Mr. Speaker, on the first issue raised by my friend regarding the fashion in which the committee chose to seek or invite the assistance of other committees regarding advice on the bill and assistance with study, I think that is a matter that has been thoroughly litigated. My friend is seeking to litigate it again before you. I simply want to address that I think it is a settled and established practice. What the committee did is something it has done quite often.
The more novel issue before you is the invitation to ensure and allow the participation of the independent members of Parliament, those who do not reach official party status. We have a growing number of them in this Parliament, notably the Green Party, members of the Bloc Québécois and some others that represent such members. The effort by the committee was to ensure that they would have an opportunity to participate at the committee stage to propose amendments.
This was not something, I understand, the committee dreamed up on its own. It is obviously a clear effort by the committee to respond directly to the invitation you made in your previous ruling on how this challenge should be particularly responded to. I will quote from your decision when this matter was up before. We were dealing with the question of an inordinate number of report stage votes and the cumbersome fashion of dealing with them. You said the following in your ruling:
It is no secret that independent members do not sit on committees in the current Parliament. In light of recent report stage challenges and the frustrations that have resurfaced, the Chair would like to point out the opportunities and mechanisms that are at the House's disposal to resolve these issues to the satisfaction of all members.
The Standing Orders currently in place offer committees wide latitude to deal with bills in an inclusive and thorough manner that would balance the rights of all members.
That statement by you, Mr. Speaker, is in direct contrast to the very constraining and rigid approach being advocated by the opposition House leader that would freeze out independent members. I will repeat again some of the phrases and words. Your statement was that the “Standing Orders currently in place offer committees wide latitude to deal with bills in an inclusive and thorough manner that would balance the rights of all members”.
It is trite, of course, to say that committees are masters of their own process. That is the fact, and what we have here is an example of where the committee has sought to devise an approach to their own process that responds directly to your invitation. I will further quote from your decision:
In fact, it is neither inconceivable nor unprecedented for committees to allow members, regardless of party status, permanently or temporarily, to be part of their proceedings, thereby opening the possibility for the restoration of report stage to its original purpose.
Further on you say:
...there is no doubt that any number of procedural arrangements could be developed that would ensure that the amendments that independent members wish to propose to legislation could be put in committee.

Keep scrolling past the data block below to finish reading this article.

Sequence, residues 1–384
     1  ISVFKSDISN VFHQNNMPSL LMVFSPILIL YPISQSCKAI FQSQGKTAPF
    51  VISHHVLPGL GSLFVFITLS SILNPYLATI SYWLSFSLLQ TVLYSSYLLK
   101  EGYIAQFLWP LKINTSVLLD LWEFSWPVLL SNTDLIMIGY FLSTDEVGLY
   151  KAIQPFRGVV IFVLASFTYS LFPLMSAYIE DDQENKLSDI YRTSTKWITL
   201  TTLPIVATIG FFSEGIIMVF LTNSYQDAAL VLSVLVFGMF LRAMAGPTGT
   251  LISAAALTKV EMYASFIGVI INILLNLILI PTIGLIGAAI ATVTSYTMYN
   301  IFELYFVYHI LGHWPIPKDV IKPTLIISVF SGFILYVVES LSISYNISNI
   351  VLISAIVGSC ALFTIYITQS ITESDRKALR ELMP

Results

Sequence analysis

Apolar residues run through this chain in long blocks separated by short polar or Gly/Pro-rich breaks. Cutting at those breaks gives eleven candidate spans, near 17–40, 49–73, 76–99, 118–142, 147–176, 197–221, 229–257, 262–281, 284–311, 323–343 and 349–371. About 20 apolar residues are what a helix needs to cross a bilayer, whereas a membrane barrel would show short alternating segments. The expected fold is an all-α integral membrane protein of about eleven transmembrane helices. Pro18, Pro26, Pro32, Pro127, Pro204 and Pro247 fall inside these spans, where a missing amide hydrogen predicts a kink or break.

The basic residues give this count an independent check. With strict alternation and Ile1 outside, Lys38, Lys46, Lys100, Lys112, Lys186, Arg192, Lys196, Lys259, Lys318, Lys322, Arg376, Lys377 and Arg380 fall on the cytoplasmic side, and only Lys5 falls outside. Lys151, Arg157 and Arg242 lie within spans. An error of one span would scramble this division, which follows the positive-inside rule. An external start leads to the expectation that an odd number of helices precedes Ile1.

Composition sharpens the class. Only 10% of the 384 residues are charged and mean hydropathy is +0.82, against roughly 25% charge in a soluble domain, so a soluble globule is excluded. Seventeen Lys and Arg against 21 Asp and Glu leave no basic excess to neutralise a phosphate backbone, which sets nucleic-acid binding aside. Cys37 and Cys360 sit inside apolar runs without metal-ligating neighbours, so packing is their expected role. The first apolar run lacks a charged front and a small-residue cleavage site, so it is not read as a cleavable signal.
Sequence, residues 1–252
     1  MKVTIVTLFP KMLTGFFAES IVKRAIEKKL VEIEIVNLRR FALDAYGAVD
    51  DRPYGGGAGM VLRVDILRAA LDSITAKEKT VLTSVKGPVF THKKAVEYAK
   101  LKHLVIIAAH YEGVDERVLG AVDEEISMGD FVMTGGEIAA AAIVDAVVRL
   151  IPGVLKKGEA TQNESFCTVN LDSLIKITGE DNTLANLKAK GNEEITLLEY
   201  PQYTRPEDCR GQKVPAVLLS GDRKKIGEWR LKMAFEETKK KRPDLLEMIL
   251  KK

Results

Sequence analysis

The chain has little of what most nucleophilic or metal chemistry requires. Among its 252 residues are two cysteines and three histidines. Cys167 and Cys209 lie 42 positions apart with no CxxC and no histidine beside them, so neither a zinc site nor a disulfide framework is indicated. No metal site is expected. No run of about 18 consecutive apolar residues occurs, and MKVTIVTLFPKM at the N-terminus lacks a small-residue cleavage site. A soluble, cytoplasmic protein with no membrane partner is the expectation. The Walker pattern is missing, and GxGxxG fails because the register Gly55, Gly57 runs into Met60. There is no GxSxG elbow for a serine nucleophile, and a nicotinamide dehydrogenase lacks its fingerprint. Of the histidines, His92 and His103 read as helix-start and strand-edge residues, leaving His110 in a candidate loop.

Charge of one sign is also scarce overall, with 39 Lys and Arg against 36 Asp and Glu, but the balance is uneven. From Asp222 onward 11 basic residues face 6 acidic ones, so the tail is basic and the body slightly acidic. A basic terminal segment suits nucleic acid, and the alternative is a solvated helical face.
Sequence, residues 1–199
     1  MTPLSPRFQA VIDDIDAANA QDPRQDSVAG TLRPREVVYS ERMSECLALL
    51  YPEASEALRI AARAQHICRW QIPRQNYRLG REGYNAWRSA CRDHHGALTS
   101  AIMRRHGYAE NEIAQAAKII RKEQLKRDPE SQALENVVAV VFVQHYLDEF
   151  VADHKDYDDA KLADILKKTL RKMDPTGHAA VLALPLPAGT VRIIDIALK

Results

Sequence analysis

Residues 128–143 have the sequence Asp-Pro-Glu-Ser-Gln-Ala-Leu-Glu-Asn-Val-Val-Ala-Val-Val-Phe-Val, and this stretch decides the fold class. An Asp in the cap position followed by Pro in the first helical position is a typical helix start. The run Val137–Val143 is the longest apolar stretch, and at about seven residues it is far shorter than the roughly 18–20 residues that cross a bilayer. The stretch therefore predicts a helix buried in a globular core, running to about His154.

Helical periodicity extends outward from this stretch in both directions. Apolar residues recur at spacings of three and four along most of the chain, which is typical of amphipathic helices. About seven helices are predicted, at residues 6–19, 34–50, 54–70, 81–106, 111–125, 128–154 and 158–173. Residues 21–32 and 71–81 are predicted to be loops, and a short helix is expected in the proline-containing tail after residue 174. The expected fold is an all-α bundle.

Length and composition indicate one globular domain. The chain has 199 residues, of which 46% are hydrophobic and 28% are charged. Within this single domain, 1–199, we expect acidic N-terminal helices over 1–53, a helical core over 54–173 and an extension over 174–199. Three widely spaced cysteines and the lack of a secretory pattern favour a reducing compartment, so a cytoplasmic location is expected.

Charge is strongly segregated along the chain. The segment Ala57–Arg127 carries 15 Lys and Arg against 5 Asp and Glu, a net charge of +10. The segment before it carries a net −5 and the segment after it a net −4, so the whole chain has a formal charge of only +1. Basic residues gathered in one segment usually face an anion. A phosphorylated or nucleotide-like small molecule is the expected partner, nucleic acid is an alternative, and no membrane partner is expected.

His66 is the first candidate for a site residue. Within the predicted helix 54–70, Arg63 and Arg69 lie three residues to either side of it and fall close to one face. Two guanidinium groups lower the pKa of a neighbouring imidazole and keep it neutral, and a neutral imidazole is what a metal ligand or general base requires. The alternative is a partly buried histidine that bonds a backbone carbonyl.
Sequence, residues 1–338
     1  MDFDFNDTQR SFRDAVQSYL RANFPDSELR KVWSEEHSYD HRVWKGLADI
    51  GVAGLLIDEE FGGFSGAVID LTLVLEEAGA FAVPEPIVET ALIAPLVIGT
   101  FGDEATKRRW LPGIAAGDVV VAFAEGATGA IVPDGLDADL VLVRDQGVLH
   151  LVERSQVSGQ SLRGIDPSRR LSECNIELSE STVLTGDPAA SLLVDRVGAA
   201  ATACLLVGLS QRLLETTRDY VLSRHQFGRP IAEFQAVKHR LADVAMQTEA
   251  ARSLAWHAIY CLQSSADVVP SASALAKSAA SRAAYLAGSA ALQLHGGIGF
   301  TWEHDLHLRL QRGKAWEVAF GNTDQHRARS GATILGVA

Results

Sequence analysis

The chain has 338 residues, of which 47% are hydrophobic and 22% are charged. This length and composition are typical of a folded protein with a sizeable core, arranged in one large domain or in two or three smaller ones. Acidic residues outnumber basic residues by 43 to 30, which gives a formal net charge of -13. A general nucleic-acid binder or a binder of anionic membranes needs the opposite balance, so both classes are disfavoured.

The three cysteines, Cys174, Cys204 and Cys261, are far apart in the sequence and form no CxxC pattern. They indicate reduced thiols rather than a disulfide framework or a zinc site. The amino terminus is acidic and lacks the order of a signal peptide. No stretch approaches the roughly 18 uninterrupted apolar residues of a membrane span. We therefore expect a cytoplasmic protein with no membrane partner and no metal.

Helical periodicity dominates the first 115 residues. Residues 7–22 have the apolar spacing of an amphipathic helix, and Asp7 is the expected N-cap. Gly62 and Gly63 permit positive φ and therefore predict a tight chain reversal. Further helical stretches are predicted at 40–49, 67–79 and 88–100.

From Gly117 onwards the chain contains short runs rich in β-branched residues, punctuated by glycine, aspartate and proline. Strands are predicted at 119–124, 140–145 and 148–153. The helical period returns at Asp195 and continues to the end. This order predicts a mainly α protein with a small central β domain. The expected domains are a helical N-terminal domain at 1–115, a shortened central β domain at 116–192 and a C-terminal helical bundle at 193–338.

That is exactly what the committee did. The committee did exactly what you in your ruling on this previous matter on report stage votes invited them to do. This what is sometimes called in the world of law a conversation with the courts. In Parliament, on the evolution of rules, with you as Speaker and judge of this place, we are having that conversation with the committee, and the committee is responding to your invitation. It has done so with the motion it put in place and with the processes it followed. Indeed, such amendments did occur at the committee pursuant to the process it put in place, based on your invitation.
I will conclude with your further comments:
Were a satisfactory mechanism found that would afford independent members an opportunity to move motions to move bills in committee, the Chair has no doubt that its report stage selection process would adapt to the new reality.
Mr. Speaker, what you did in your original ruling was wrestle with a difficult problem that was a source of frustration that led to vexatious disputes here. It was having an adverse effect on the ability of this place to function well. You made what I think were some very constructive and practical suggestions on how that could be remedied.
A change in our process and, indeed, your decision, Mr. Speaker, speaks to the fact that what we have, and what we have had throughout the question of dealing with report stage votes, is an evolving process to which there have been responses in the Standing Orders and now to which you invited another set of responses that could occur in the processes that committees adopted. In this case, the committee did exactly that.
As a result of that, there is an expanded ability of independent members of Parliament to participate at the committee stage of the process. They did so in this case. Their amendments were heard and they had an opportunity to proceed. We think that is an appropriate response to the invitation the Speaker provided specifically on bills of this nature, on the processes that we have in place. For that reason, it is one that should be encouraged and rewarded. It is four square within the direction your ruling set out and the invitation you provided, Mr. Speaker, and, as such, I see no fault in the process.
I may wish to come back to you, as I have not had an opportunity to prepare to make these arguments or respond in this fashion, but, on its surface, that is the essence: that the committee has done exactly what you, as Speaker, asked it to do.